Saturday, June 05, 2010

Breath and quiet

I am SO glad I went away. Thursday, I took a bus from Belfast to Derry, then changed to a bus from Derry to Donegal Town. I left early thinking if I didn't, I'd chicken out and NOT go, but I also didn't realize how tiny and boring Donegal Town was. So killing 6 hours until the next bus to Glencolumcille was torture, but I did it, and even survived the strange men talking at me on the bus for half the ride in the evening, who kept saying that Glencolumcille was QUIET. I was one of two people who were left on the bus until the last stop, and after we asked for directions at the gas station, we parted and I hiked up 1 km to Dooey Hostel. Run by Mary and her son Leo, it has insane views since it's built into a hillside that overlooks Glen Bay. After talking to Katja, a German woman who had been there for days and was leaving the next morning, I ran down the hill to the beach. The sun doesn't really set there. Maybe around 11pm?

I barely slept. I was so restless. Probably being the first hostel stay in my entire life + it WAS really quiet, even the water was a tiny little lap, lap. Neither of us slept much, and when she got up at 6:30am to catch the morning bus, I decided to just get up and take a stab at the day before it got too hot. I went down to the beach, back in towards a field, up towards town, and then started the walking path, winding uphill through farmland and grazing land towards a looped trail.

I went up to see an old tower that is visible from the hostel. This is the cliff it's on, and it's good that Katja warned me that getting there takes longer than you'd think from a distance. But after that, I felt okay enough to finish the loop and end up back in town to get badly-needed water (something about the red, copper-tinted water from the taps didn't sit w/me) and lunch supplies. I hiked back to the hostel to eat and have a good talk with Leo. He recommended going to the Irish college, so I did, and read Seamus Heaney's Station Island. Then I visited the Folk Village Museum and sat for a long time outside in the shade of the cafe with tea, cording hanji.

I hiked back up to the hostel to have an early dinner, but what I REALLY wanted to do on this trip was visit the cliffs in the next town. Too far for me to walk, and when I asked Katja if there was any taxi or hackney service that would come get me and take me there, she laughed. I sat outside to eat and saw a new car in the lot: a German couple that had driven to France from near Dresden, taken the 18-hour ferry to Ireland, and driven all over the island for two weeks, had arrived. They spoke almost no English. But they were going to Slieve League, and it was my only real chance to get there. So I asked, and after a flurry of German-English dictionary pages, we were on our way.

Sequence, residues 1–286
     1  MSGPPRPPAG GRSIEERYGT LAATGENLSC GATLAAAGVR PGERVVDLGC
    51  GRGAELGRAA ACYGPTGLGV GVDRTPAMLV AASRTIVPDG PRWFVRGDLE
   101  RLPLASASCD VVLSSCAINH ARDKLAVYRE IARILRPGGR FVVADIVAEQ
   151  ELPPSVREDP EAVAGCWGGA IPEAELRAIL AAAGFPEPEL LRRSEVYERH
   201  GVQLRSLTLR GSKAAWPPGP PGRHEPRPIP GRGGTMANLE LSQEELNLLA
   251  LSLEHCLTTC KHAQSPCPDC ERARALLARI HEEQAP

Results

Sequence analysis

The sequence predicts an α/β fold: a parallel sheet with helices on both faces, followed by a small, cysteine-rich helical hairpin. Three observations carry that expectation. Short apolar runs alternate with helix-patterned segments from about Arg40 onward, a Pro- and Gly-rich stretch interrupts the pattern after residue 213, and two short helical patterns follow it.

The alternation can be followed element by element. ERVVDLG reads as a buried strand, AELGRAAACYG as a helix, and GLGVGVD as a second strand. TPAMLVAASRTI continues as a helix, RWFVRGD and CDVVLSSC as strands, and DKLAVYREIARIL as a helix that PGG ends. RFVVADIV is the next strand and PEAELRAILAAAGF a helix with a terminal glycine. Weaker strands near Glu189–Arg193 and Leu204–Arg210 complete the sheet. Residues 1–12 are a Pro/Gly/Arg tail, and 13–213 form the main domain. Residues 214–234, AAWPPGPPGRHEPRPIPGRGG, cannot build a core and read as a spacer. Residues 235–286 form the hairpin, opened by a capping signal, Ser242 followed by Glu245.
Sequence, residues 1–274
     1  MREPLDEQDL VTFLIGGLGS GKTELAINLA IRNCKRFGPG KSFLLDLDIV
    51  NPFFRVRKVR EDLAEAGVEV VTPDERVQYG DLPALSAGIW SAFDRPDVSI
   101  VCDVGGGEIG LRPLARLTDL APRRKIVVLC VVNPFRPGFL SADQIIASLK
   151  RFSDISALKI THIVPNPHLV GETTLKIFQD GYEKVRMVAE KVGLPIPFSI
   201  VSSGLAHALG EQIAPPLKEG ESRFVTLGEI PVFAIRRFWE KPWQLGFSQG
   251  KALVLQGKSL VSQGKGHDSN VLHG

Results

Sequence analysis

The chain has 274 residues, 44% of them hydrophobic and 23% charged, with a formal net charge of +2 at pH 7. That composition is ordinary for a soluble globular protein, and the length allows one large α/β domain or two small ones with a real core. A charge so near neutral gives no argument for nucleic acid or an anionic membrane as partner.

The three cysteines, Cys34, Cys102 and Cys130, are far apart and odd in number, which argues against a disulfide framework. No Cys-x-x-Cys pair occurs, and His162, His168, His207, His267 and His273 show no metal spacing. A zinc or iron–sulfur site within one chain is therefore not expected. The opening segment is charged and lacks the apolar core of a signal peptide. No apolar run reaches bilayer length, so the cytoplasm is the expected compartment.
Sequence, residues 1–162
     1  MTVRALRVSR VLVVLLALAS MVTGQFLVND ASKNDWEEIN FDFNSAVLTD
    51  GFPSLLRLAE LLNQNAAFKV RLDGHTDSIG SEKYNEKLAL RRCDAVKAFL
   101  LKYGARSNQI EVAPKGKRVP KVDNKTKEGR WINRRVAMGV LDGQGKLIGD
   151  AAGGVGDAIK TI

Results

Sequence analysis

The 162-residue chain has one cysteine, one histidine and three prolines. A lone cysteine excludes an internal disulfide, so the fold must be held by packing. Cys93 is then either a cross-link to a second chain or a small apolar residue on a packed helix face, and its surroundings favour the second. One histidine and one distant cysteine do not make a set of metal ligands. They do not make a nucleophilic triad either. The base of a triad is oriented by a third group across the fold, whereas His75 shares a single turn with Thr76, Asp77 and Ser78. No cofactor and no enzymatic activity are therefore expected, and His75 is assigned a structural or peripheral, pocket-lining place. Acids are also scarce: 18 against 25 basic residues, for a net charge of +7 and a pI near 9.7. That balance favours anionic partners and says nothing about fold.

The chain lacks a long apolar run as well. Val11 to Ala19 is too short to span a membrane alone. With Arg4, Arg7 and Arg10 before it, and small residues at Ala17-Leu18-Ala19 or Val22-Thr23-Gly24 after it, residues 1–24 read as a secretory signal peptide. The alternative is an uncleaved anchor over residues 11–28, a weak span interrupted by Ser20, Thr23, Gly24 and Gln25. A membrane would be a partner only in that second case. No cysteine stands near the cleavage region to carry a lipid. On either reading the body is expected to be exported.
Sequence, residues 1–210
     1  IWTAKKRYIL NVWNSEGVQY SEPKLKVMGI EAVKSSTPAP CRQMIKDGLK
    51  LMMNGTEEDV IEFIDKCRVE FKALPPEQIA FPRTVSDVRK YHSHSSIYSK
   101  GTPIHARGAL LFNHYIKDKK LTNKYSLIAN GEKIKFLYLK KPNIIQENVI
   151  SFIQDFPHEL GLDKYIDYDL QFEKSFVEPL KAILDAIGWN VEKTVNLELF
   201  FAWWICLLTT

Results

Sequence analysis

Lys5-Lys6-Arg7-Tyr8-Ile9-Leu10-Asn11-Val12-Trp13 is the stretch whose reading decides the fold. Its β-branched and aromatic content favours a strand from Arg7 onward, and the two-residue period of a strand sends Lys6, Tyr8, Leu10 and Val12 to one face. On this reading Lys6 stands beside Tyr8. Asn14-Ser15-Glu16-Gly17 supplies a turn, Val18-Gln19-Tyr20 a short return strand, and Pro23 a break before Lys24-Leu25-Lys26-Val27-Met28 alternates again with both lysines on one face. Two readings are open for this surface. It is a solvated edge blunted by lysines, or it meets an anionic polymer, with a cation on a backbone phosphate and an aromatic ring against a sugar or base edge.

I could tell they were hardcore hikers, so I only went up with them part of the way and then let them run off for a few more hours. That's them on the mt: you can see her red pants. But I'm glad I made it even THAT far, since it's much further than I would have even imagined attempting on my own.

This is from the way back down. It was nice to be able to take my time and not have a soul see me descend awkwardly. Up there, too, totally silent. Even the sheep thinned out as we ascended. My ears popped. I didn't know it was possible to find such silent places, even with the sea so close. This is looking in a different direction from the descent.

I was so happy to get to the car park, and took off my socks, and did yoga on this picnic table. But after an hour of that, I was bored and had left all my cording back at the hostel. So instead, I shoved the sheep over and pulled rushes to try weaving them. They're not very good for it b/c they're so weak and break easily, but it kept me preoccupied. I was able to sleep a little more that night, even though Katja had been replaced by a surly, snoring German, and got up at 4:40am (the sun was already up and at it). I did one last visit to the beach and then corded in the empty town until my 7:30am bus.

I was back in Belfast at 12:30pm, had lunch at St. George's Market, and was happy to see the willow weaver there in action. How can you not absolutely love this bird? A wonderful way to close out the journey. Here are pics.

1 comment:

  1. wow, beautiful and daunting, i think. the wee reed basket makes me happy. as does that bird.


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